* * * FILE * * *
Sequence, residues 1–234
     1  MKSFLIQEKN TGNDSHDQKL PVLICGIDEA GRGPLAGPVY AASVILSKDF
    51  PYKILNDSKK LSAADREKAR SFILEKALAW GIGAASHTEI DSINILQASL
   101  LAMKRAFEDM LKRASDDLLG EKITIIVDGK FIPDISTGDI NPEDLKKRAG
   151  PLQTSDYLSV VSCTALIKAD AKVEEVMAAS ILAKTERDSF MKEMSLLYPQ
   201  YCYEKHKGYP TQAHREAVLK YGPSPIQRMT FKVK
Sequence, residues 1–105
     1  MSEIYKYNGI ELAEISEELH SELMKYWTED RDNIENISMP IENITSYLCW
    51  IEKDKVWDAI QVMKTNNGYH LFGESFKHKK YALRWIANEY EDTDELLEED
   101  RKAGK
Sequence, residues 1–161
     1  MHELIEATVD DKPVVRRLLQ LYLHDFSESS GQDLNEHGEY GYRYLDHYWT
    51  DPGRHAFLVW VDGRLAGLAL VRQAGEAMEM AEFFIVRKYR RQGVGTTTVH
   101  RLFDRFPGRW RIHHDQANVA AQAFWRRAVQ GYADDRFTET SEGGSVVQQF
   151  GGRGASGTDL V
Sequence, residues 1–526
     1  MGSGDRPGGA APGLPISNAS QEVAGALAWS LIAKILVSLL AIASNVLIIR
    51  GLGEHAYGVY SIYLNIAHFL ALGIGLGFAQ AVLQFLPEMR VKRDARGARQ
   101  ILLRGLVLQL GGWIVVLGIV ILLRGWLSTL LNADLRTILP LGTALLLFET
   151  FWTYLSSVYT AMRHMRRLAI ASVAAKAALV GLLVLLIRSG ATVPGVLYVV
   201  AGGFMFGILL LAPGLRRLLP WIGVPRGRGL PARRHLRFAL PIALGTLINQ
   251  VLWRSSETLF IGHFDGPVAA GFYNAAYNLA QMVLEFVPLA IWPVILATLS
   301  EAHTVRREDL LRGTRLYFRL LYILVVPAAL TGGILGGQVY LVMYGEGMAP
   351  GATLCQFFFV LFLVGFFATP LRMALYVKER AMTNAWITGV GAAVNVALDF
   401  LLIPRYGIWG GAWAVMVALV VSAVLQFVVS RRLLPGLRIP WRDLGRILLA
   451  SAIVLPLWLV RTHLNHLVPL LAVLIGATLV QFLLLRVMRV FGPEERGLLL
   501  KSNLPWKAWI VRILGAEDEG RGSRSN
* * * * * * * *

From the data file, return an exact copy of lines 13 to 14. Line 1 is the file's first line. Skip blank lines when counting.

    51  DPGRHAFLVW VDGRLAGLAL VRQAGEAMEM AEFFIVRKYR RQGVGTTTVH
   101  RLFDRFPGRW RIHHDQANVA AQAFWRRAVQ GYADDRFTET SEGGSVVQQF